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Global Times

First day of mask ban enforcement deters rioters

Global Times

By Chen Qingqing and Bai Yunyi in Hong Kong Published: 2019/10/6 3:24:46

The first day of the anti-mask law coming into force in Hong Kong had a palpable effect as it deterred masked radicals as rioters staged hit-and-run strategies in various districts.

As horrible violent protests take place across the city, the Hong Kong Special Administrative Region government invoked emergency powers to enact a law banning face masks at illegal public assemblies, aiming to target radicals hiding their identification behind masks to commit crimes.

The anti-mask law came into effect on Saturday, authorizing police to require a person in a public place to remove facial covering to verify his identity.

Still, some black-clad protesters, including secessionist Joshua Wong, wearing masks, began an illegal march around 2 pm from Causeway Bay. However, some were soon dispersed. When some illegal protesters arrived at Central, riot police stopped those wearing masks and asked for more details.

Compared to previous illegal assemblies, many protesters did not wear masks on Saturday, and fled quickly to avoid being confronted by riot police. Although a small number of rioters continued rampaging in areas including Siu Sai Wan, Yau Ma Tei, Mong Kok, Yueng Long and so on by blocking roads, vandalizing shops, but most ran off before police arrived.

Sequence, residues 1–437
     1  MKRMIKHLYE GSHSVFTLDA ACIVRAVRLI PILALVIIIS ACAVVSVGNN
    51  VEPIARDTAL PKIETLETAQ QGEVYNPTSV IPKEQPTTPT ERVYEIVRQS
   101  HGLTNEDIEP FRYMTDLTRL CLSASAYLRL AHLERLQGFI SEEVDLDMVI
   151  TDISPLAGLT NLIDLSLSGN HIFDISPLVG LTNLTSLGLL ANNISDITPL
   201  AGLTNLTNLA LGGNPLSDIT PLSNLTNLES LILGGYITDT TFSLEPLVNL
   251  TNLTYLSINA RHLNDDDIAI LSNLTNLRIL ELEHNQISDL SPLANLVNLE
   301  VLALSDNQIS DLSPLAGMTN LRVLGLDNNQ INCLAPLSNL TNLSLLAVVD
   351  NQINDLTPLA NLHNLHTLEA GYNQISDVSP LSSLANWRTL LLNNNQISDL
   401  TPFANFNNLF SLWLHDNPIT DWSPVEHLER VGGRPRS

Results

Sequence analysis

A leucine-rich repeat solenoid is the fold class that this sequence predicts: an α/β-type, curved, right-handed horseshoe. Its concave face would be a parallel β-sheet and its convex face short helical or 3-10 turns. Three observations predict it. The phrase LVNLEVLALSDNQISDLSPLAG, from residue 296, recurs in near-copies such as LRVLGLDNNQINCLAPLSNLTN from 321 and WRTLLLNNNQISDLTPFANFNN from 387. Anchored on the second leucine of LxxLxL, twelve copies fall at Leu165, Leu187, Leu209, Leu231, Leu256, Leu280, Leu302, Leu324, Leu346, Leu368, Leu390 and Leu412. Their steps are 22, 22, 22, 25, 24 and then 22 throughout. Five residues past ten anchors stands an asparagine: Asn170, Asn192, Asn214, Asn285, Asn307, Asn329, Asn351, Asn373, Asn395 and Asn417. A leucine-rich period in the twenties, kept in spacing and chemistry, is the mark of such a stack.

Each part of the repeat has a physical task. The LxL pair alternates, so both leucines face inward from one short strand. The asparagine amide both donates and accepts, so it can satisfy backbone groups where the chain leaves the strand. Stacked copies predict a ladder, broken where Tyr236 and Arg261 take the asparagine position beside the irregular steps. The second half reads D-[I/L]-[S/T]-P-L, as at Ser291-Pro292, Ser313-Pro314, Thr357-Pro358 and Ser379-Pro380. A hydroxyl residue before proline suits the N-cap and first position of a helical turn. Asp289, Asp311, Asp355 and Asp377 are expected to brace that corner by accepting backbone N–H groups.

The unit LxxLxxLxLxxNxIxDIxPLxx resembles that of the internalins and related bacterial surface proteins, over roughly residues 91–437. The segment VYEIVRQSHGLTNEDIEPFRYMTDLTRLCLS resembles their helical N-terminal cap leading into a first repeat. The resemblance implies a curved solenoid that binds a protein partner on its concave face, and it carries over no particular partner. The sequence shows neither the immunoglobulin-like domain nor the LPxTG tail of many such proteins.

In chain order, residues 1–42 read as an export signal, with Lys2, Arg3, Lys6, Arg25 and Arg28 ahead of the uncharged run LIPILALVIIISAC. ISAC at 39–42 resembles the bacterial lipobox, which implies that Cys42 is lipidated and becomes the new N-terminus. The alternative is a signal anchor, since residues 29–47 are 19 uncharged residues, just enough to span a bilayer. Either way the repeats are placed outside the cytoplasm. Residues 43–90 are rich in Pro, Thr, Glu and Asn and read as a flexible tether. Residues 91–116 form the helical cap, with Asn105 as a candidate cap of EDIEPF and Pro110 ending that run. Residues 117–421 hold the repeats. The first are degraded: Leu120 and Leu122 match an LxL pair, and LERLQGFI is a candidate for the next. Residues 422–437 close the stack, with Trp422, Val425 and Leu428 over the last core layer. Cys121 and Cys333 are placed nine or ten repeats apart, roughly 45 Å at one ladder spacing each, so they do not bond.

The anti-mask law has surely had a deterrent effect on lawbreakers as they remained highly cautious to avoid being captured by camera on Saturday.

Introducing the anti-mask law is to ensure that those who commit violent crimes will face justice, so they can't hide behind their masks to escape their responsibilities, Secretary for Justice Teresa Cheng said on Saturday.

The new law specifically targets rioters or those who resort to violence and is seen as a necessary move to help end spiraling violence.

Without wearing masks, some radicals were less reckless on Saturday as there were few clashes between rioters and police, the Global Times reporters saw. And the police ended dispersals in different districts in a quick and effective way.

However, the extremely violent situation in Hong Kong has caused panic among the public. On Saturday, local residents lined up in front of ATMs to withdraw cash while some have begun stocking up on food and necessities amid growing concerns over escalating violence, which may paralyze the city again.

As rioters are now targeting mainland bank branches, among the 3,300 ATMs in Hong Kong, over 10 percent have been damaged and could not operate normally, local media reports said, citing the Hong Kong Monetary Authority (HKMA).

Still, the HKMA emphasized that the Hong Kong banking system, with ample liquidity and very good asset quality, is robust and sound and is well positioned to withstand any market volatilities.

Carrie Lam, chief executive of HKSAR government, said the level of vandalism by rioters was unprecedented, and the extreme acts of the rioters brought dark hours to Hong Kong Friday night and half paralyzed the city Saturday.

"I appeal to everyone to support the HKSAR government to stop the violence in accordance with the law and condemn violence together, as well as dissociate from the rioters resolutely," she said.

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